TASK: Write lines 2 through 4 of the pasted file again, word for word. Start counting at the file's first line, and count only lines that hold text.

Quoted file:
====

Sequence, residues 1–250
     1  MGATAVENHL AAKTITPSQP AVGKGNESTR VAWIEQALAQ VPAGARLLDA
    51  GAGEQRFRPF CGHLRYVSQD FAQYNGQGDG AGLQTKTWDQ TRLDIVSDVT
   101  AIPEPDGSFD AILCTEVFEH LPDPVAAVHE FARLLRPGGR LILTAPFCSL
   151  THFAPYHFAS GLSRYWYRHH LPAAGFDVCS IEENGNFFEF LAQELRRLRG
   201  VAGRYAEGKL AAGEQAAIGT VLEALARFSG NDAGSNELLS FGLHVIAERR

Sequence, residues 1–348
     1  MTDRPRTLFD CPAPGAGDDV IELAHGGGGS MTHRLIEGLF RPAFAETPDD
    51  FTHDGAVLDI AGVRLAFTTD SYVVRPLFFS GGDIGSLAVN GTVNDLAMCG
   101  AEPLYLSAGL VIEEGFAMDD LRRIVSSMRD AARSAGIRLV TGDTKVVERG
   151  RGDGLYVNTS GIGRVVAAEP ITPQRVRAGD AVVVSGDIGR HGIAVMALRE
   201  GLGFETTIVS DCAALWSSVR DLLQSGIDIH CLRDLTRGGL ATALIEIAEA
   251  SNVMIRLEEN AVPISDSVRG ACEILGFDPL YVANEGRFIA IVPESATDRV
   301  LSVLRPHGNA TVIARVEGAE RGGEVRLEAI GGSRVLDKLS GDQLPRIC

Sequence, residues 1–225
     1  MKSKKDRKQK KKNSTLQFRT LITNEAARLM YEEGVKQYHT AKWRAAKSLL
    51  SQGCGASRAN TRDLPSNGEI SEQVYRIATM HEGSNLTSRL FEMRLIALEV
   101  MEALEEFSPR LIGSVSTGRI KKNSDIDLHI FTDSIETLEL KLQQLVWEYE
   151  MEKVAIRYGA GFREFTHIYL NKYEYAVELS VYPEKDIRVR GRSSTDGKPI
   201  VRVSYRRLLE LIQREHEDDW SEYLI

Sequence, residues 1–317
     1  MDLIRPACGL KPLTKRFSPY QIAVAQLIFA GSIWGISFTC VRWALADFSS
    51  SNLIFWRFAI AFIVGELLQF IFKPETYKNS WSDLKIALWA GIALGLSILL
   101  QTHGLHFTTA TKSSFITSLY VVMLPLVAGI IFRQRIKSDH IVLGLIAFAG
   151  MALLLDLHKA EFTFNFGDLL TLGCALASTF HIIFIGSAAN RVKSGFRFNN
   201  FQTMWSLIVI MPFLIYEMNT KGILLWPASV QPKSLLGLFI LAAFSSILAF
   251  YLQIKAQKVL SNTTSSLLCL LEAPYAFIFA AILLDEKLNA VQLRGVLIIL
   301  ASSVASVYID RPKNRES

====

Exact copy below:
     1  MGATAVENHL AAKTITPSQP AVGKGNESTR VAWIEQALAQ VPAGARLLDA
    51  GAGEQRFRPF CGHLRYVSQD FAQYNGQGDG AGLQTKTWDQ TRLDIVSDVT
   101  AIPEPDGSFD AILCTEVFEH LPDPVAAVHE FARLLRPGGR LILTAPFCSL